Shino Teapot & Teabowls II

Matthew Foster
£270
Inspired by the Mingei philosophy of finding beauty in everyday objects, the Shino Teapot and Teabowls I by ceramicist Matthew Foster, are exclusive to The New Craftsmen. The set forms part of a functional series of pieces, which draw upon the Leach legacy, as well as the vernacular styles and forms of medieval pottery. With each piece Matthew aims to showcase the making process, rather than obscure it. Through the use of glazes and traditional techniques, Matthew aims to infuse his work with the spirit of the past, resulting in pieces of enduring value. Due to the handmade nature of these pieces, the exact finish may vary. This set is a one-off but similar bespoke commissions are also available, please enquire for further details.

Material: Stoneware, shino glaze
Dimensions:
Teapot: Width 21cm, Depth 15cm, Height 20cm
Teabowl: Diameter 7cm, Height 9cm
Due to the handmade nature of these pieces, exact dimensions may vary slightly.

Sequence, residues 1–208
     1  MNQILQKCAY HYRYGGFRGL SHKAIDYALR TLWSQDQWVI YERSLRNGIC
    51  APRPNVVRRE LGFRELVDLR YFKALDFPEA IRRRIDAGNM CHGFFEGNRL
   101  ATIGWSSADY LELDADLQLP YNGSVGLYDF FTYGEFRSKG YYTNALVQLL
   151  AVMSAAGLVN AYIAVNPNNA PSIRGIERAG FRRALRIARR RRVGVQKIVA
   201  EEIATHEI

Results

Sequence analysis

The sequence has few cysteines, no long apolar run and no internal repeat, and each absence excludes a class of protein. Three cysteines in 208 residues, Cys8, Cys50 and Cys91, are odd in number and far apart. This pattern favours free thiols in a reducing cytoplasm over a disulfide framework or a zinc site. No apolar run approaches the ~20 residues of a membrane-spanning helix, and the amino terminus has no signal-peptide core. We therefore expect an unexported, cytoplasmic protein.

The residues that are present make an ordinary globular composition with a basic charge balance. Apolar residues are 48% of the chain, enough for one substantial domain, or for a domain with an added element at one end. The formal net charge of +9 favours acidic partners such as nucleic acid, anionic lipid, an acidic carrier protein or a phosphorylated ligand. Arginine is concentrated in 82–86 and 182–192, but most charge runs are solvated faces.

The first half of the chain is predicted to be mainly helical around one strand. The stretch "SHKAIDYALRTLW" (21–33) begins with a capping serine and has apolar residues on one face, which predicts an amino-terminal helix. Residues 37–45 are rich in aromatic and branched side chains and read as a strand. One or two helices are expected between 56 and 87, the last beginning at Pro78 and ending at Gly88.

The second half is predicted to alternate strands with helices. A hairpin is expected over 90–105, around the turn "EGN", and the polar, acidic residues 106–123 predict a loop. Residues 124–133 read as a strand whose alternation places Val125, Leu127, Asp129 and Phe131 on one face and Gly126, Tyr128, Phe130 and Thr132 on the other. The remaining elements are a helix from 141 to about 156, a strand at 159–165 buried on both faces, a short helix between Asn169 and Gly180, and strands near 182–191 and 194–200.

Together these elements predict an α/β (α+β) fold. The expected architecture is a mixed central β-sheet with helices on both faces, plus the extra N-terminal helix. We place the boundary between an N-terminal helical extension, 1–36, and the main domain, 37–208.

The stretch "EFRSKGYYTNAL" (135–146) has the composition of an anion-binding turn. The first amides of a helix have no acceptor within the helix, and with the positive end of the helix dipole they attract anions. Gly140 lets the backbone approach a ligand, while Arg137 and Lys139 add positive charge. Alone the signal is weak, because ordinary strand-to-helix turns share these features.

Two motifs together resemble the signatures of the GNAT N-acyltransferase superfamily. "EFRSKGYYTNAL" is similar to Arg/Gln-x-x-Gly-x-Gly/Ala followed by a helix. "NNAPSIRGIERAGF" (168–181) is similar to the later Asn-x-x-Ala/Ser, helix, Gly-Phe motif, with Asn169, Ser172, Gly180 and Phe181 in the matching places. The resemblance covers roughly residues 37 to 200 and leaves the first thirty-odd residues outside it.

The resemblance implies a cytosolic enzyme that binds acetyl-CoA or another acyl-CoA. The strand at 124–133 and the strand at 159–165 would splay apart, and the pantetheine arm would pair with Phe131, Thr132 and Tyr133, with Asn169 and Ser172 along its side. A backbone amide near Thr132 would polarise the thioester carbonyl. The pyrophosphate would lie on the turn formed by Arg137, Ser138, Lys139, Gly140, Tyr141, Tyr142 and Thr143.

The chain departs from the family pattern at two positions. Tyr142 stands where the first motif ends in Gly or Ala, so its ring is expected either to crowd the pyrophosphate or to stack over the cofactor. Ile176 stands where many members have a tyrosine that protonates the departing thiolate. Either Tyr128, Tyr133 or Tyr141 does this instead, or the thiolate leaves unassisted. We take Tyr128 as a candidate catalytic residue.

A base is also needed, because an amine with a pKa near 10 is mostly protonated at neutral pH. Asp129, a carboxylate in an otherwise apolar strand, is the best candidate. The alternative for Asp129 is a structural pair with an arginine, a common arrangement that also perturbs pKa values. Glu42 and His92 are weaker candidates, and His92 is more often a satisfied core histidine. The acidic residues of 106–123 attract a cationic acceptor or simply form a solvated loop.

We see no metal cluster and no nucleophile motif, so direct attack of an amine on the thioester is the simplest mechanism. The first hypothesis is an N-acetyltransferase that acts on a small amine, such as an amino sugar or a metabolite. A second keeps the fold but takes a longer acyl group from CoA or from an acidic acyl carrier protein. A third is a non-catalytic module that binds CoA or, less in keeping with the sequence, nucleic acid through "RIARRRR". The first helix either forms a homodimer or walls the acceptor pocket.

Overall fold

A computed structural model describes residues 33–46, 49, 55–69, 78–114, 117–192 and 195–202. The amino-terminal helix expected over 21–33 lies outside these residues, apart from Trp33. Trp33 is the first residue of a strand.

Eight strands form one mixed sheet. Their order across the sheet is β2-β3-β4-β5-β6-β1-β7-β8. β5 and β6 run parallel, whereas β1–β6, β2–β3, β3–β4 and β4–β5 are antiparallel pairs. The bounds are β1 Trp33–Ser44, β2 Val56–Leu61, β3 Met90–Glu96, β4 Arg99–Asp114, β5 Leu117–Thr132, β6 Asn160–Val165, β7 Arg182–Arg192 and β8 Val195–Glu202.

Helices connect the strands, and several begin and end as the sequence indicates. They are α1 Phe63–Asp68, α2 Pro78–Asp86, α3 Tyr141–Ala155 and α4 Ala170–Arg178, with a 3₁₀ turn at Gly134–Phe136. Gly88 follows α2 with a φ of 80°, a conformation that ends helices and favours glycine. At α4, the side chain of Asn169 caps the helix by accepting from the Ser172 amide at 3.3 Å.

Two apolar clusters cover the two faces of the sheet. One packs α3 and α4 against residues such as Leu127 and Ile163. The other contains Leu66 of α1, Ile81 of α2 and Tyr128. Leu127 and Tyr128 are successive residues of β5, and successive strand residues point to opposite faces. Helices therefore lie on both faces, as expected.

Care Instructions Hand wash in warm soapy water

Process

The stoneware is first thrown, trimmed into forms and left to dry. Once the pieces are dry enough, Matthew adds gently protruding patterns on the soft clay by rouletting with a handcrafted porcelain roller. The pieces are then bisque fired, they are covered with a Shino glaze mixed using raw materials, before being high fired in a reduction kiln.
The Maker Matthew Foster Ceramicist - South West England

Ceramics artist Matthew Foster studied Fine Art at Kent University and after winning the Seasalt Bursary in 2009, he became an apprentice at Leach Pottery in Cornwall. Alongside growing his individual practice, Matthew continues to work as the Studio Production Manager at Leach Pottery and draws much inspiration from his contemporaries there. In line with an on-going exploration of the Mingei Philosophy (focusing on the beauty of ordinary, everyday craft), he is currently exploring peasant stonewares of the Korean Yi dynasty, Gongxian pottery, Tang dynasty, and porcelain pots from the Chinese Sung period.